Amusing uses of English. Continuing the theme of flying on airplanes, I'm constantly amused by the efforts of some Brazilian air stewardesses to deliver announcements in English over the airplane tannoy. I suspect they're reading off a card, or from rote, but aside from the dodgy intonation and pronunciation sometimes they mix up whole sentences.

My two favourites: "Please return your seatbelts to the upright position". Ah yes, we can't be having any seatbelts reclining noncholantly across our laps. Presumably we will have to buckle our tray tables too.

And from this most recent trip: "Please refrain from smoking cell phones until inside the terminal building". I guess the newer models are fully equipped with every mod-con... I'm just not sure which end to light up.

Monday, October 15, 2007

Casa Roberto and Paula. We managed to link up with Roberto by phone shortly after my last post. On Saturday morning he, along with his wife Paula, picked us up and drove us over to Valparaiso - just over 100kms away from Santiago, and on the coast facing the Pacific Ocean. The drive was beautiful, the roads excellent and the day turned out to be sunny and crisp. We stayed at a chalet belonging to Roberto´s sister - the views of the busy town, beach, sea and orange sunset from her patio were stunning.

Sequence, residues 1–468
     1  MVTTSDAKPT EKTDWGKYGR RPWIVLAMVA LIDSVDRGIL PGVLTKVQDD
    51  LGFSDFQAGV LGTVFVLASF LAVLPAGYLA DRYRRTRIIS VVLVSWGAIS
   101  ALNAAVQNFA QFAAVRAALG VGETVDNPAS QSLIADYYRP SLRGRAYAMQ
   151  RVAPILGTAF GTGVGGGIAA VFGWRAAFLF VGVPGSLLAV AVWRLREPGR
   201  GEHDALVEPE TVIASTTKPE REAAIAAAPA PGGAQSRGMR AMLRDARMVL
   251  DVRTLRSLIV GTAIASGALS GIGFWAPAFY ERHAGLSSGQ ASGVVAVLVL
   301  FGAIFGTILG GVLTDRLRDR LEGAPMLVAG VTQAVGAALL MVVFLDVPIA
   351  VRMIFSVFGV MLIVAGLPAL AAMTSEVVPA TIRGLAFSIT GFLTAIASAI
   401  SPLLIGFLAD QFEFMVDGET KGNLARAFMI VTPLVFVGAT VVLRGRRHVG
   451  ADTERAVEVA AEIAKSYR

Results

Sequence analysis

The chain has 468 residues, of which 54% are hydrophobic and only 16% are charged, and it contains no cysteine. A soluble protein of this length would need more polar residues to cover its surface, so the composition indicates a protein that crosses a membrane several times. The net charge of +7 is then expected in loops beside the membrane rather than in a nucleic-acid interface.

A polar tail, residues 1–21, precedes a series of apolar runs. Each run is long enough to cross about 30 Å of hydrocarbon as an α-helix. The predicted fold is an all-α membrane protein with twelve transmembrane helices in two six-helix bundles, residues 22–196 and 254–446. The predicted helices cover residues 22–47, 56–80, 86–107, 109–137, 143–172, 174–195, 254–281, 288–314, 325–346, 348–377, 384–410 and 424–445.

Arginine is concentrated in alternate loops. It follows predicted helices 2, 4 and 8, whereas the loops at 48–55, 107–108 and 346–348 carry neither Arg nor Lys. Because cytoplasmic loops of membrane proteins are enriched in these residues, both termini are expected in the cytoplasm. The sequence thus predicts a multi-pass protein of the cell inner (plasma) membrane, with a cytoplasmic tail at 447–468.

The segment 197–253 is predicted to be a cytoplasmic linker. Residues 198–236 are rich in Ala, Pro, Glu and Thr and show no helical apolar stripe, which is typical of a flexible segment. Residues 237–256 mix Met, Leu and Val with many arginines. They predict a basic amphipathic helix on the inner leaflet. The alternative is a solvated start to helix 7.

Sunday we investigated the town and neighbouring Vina del Mar, sampling some local seafood and beer along the way. The beach was decidely colder than Natal. Most Chileans were fully clothed, huddled together, lying flat on the sand in order to duck out of the way of the stiniging breeze. Some foolhardy sorts, (they reminded me of my Dad) were in their swimming costumes taking a dip in the icey Pacific waves. In actual fact, swimming and surfing on most beaches on this stretch was not permitted. The beach drops away into deep and swift ocean currents and it´s considered very unsafe. In the evening, we met up with another of Roberto´s sisters and her family and their gorgeous house just around the corner for some wine and chit chat.

Apart from these small excursions we have mostly been sleeping which can´t be bad. 1 year and 4 months around young Nelson has left a sleep deficit which we are only now managing to replenish. However, we have had ample time to chat to Roberto and Paula (he speaks English, she Spanish but understands Portuguese well). I did my MA with Roberto in York and he is a quiet and thoughtful fellow whose insights into Chilean and South American society, culture and politics has given me enough material for 6 months worth of blog... watch this space for more from him.